London Screenwriters' Festival

The Guru In The Attic, pt 1: How to Structure Films like RUN LOLA RUN by Linda Aronson

Posted on: October 9th, 2011 by Lucy V Hay No Comments

 

Brought to you by Charlotte Bronte and Linda Aronson

The story so far…

At Thornfield Hall in a part of rural England known primarily for a rare form of bovine liver fluke, non-linear and parallel narrative script expert Bertha Antoinetta Rochester is locked in a tower writing TV series and film scripts to finance her failed producer husband Edward and maintain a household of deranged rustics on retraining programmes.

Bertha has been offered money by Outstanding Films to write a movie. They have told her they love her work and she can write whatever she likes, but could she please structure it like ‘Run Lola Run’ and include an axe murder, dolphins and a good part for a Slovenian stand-up who’s a relative of the producer’s girlfriend but is just ,like, brilliant and doing outstanding on the Manchester club circuit…

Bertha

(renting her dress)

I have but three choices! Chew the curtains.

Scare the bejasus out of Jane Eyre or

 construct a script copying the

complex narrative structure of Run Lola Run

Run Lola Run belongs to a category of parallel narrative script structure that I’ve termed ‘Consecutive Stories form’ (to remind us of its ingredients and how it’s put together so, under stress, we don’t lose sight of what we’re actually supposed to be doing vis à vis structure).

Examples of Consecutive Story films?

Consecutive Stories films include movies as different as Pulp Fiction, Rashomon, The Joy Luck, The Circle, The Butterfly Effect, Amores Perros, City of God and Atonement. Why are they similar? Because they all use separate, complete or almost complete stories, told one after the other, then linked at the end.

If you are thinking of writing a film that sounds like this, Consecutive Stories is probably the structure for you. But be prepared. All Consecutive Stories films run the risk of splitting into an anthology of short films so are shockers to construct. Lay in your tranquiliser of choice.

What’s their structure?

It differs according to their content. In film, as in all the other arts, content dictates form (forget the one-size-fits all approach). Hence, Consecutive Stories films are structured differently according to their theme and approach to life. There are four categories – three main ones, and a fourth for films that are just fractured versions of one of the other three (examples of category four fractured films are Pulp Fiction and Amores Perros).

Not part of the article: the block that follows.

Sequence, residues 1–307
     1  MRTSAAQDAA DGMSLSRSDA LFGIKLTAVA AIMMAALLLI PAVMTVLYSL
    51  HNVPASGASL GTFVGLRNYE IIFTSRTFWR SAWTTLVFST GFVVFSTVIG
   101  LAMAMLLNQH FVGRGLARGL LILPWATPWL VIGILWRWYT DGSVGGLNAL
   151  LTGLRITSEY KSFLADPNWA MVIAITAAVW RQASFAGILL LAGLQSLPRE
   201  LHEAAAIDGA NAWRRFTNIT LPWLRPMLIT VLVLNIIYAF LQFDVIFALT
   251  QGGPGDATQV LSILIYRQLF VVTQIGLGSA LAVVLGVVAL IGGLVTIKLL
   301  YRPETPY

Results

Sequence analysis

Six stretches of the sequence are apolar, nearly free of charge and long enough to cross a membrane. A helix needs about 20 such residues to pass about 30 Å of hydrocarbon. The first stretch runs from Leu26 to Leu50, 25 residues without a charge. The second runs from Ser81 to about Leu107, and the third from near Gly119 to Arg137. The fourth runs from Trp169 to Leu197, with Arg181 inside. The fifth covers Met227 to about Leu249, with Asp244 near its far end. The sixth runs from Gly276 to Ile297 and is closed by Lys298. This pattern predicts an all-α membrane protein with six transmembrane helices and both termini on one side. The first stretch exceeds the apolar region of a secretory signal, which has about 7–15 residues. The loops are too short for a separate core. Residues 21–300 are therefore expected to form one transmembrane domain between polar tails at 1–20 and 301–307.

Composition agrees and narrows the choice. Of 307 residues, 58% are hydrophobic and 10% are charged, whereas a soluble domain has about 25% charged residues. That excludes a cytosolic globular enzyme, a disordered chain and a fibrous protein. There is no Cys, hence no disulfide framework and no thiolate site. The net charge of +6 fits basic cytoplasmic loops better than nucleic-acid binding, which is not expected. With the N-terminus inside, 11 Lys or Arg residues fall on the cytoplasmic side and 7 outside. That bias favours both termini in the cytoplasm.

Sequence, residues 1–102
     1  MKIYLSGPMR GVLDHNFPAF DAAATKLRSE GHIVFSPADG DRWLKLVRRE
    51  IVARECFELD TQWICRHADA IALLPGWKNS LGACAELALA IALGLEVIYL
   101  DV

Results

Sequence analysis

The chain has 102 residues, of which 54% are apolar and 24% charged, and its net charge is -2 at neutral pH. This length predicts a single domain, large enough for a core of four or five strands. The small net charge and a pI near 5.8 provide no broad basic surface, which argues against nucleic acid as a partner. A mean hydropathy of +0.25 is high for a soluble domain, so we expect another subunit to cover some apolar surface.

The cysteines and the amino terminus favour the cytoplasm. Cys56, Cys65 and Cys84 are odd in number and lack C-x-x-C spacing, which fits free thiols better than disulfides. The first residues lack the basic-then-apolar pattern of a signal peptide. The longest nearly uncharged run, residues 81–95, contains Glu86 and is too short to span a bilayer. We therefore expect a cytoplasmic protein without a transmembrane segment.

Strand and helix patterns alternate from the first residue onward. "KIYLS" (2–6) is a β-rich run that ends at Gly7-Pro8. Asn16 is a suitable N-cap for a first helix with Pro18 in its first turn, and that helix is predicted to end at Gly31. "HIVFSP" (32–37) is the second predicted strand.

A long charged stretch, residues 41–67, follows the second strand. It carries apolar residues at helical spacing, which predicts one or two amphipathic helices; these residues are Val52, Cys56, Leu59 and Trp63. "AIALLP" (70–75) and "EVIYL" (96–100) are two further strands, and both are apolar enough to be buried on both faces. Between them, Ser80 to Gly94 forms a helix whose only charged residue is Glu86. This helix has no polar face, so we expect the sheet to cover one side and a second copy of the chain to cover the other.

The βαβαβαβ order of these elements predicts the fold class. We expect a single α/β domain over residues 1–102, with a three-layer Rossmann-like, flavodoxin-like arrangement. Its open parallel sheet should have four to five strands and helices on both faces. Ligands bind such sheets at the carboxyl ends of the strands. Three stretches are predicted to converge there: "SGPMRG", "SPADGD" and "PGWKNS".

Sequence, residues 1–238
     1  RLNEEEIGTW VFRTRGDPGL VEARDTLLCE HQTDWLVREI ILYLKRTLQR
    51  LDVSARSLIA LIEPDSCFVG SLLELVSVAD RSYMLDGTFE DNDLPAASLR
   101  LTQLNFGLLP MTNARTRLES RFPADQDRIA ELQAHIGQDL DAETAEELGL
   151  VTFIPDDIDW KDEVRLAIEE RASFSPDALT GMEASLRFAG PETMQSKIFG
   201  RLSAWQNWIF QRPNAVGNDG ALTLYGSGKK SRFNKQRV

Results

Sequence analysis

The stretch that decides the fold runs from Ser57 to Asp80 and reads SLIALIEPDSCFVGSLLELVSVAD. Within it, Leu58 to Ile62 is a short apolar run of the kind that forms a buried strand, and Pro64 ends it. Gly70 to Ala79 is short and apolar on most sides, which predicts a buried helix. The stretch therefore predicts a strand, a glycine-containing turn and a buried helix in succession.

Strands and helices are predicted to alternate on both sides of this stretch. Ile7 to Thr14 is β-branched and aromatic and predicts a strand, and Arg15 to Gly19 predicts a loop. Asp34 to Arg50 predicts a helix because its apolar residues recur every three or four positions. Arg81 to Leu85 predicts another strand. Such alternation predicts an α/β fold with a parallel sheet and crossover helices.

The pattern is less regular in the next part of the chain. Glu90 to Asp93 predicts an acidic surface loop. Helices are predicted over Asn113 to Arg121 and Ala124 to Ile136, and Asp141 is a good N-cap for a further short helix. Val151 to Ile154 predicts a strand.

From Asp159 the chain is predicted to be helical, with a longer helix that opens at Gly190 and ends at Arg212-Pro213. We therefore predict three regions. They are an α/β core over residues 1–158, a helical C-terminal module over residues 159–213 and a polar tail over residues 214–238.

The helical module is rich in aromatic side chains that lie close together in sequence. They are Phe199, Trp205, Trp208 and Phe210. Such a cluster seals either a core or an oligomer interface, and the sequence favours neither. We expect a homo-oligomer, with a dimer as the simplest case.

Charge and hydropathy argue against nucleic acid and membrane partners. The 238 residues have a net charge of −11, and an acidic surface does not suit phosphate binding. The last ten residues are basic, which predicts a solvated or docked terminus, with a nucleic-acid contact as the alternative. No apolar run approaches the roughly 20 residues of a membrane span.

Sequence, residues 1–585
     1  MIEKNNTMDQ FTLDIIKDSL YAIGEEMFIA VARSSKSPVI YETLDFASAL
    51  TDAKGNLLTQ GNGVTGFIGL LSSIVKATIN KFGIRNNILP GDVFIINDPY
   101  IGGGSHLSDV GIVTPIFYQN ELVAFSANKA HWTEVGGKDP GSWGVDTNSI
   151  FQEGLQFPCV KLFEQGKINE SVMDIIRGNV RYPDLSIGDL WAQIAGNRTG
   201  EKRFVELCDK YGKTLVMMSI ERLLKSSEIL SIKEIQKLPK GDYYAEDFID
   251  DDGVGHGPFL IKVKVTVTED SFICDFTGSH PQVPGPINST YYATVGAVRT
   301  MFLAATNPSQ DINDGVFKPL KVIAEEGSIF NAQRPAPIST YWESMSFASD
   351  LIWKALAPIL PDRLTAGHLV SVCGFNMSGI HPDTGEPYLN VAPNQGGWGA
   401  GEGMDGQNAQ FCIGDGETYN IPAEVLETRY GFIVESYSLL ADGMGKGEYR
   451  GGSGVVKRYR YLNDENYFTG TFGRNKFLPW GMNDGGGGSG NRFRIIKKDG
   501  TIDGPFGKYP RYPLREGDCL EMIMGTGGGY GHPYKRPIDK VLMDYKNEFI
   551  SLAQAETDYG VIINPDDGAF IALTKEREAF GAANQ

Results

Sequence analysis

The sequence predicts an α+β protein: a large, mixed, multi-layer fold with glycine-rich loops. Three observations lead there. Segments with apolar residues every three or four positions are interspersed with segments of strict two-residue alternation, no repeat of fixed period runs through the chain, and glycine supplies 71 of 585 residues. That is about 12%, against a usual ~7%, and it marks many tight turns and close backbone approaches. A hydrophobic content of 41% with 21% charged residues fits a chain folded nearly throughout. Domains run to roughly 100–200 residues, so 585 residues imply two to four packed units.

What sub category does Run Lola Run belong to?

Run Lola Run drops into what I’ve termed ‘Different Perspectives’ form because the films that use it depict different versions of the same event and their theme is the subjectivity of experience, different possibilities and the slippery nature of truth. Their structure involves a crucial event, then various different responses to that event, told one after another.

How do you write it?

The trick with Different Perspectives movies is that you start the film in a completely linear way, then make the event which provokes the different responses (for example, in Run Lola Run, the fact that Lola has only forty minutes to get the money) the first act turning point.

The repetitions are the different possible responses or answers to the first act turning point problem and they make up the second act, with the third act being the resolution.

Traps to avoid

Make each ‘perspective’ very different or you’ll bore the socks off the audience. Don’t use Act three to tell what happens AFTER the repetitions (although yes, you can cover those very briefly, just as a resolution). You don’t have time to tell the consequences- you’ll end up just with people chasing each other about (as in Vantage Point, which you should see to take note of the problems it hits).

Remember, the point of your film IS its repetitions – the fact that one event story is capable of different interpretations or outcomes. It’s not what that happens AFTER the repetitions. You can use another Consecutive Stories structure to tell what happens after the traumatic event. It’s called Different Outcomes – Atonement is an example – and it’s put together differently. No room to discuss that here.

Fractured forms?

Yes, you can fracture Different Perspectives but again, no time here. This is just to give you the gist.

In a nutshell?

To pick Consecutive Stories films, hang on to the idea of ‘a series of complete or semi-complete consecutive stories linked at the end’ (whether fractured or not). For Different Perspective scripts, start repetitions at the first act turning point AS RESPONSES TO IT.

Bertha is unfortunately unable to attend the LSF because she has to write a treatment for a Chile/China co pro (working title ‘Pandas Love to Come to Chile’) starring a Chilean bear impersonator who’s really cheap and has already got his own costume.

However, if you’re interested in hearing more about how to construct non-linear scripts (flashbacks, ensemble films, time jumps, structures like ‘Pulp Fiction’ ‘21 Grams’, ‘ Babel’ etc) , Linda Aronson will be talking on the topic in a two hour lecture on 29 October at the London Screenwriters’ Festival at Regent’s College, Regent’s Park, London.

To hear even MORE on the subject, come to Linda’s two-day Masterclass on non linear and ensemble structures, 11-12 November, hosted by LSF at Regent’s College, Regent’s Park, London (www.21stcenturyscreenwriter). To accompany these, get Linda’s book ‘The 21st Century Screenplay’ (buy via bookshops, Amazon or at LSF).

Guru in the Attic will be back on the LSF website very soon. Watch this space…

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